"You can churn around in the drawer and pull out what catches your eye, bits and pieces drawn from movies and history and your own fancy, and make something new, something no one has ever seen or imagined before." So writes Michael Chabon in "To the Legoland Station," his essay on the generation-spanning appeal of Legos; if another Pulitzer Prize-winning author has written as passionate a piece about little Scandinavian plastic bricks, I haven't read it. (Cormac McCarthy's piece about pogs, devastating as it is, doesn't count.)

OMSI's The Art of the Brick gives one as good an excuse as any to wax philosophic about Legos. Featuring the work of sculptor Nathan Sawaya, The Art of the Brick is laid out in two halves: In the first, Sawaya's sculptures are arranged as if in a gallery; in the second, Lego works from local hobbyists (like the guy who puts the Star Wars Legos in the window of the light bulb store on Mississippi!) stand next to stations where kids can build their own sculptures and put 'em on display.

Sawaya's creations are striking: Aside from the fact that their subject matter would seem more at home on a coffee shop's walls than in a museum (a piece titled "Self" is a miserable-looking man of gray bricks; poking out from his suit is a bright red figure with a curious look on his blocky face), it's Sawaya's craftsmanship that impresses. A castle rises from the pages of a storybook; a kneeling boy considers his reflection in a puddle; pixilated abstracts resolve themselves, with distance, into massive portraits. Lego humanoids build themselves, kiss, and despair; it's hard to not gawp at the scale of Sawaya's sculptures and the painstaking process by which they were assembled.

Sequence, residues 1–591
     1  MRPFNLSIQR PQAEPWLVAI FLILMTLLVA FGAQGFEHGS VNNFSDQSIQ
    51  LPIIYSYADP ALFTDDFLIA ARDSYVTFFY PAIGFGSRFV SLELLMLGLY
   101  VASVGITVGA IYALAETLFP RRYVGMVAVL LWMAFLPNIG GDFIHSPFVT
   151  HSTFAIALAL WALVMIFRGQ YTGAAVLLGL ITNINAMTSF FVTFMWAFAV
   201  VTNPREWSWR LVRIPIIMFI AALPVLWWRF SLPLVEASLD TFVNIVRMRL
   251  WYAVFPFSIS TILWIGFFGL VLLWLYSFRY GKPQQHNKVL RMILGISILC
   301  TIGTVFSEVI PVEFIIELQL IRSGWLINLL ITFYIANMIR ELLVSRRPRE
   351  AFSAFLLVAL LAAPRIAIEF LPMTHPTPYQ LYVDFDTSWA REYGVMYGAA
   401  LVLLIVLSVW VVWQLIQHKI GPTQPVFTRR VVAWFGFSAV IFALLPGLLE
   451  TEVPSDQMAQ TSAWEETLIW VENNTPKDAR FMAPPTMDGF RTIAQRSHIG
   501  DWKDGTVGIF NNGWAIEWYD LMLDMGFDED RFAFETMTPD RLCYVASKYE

Yet I got a bigger kick out of the second part of the exhibit—where a small army of screeching urchins had built all sorts of inventive Lego crap, from the self-explanatory "Exploding Building" (by Jackson, age 9) to the suspiciously precocious "Untitled No. 1," by a little snot named Dylan (age: "9 2/3"). Those kids knew even better than Sawaya what Legos are good for: They clicked Legos together, pried them apart, and proudly showed off their cubist clumps of weird. All of them knowing, I think, that unlike Sawaya's meticulously glued-together creations, theirs would be broken apart and forgotten, their pieces tossed back into a drawer, waiting to be rebuilt into something entirely different.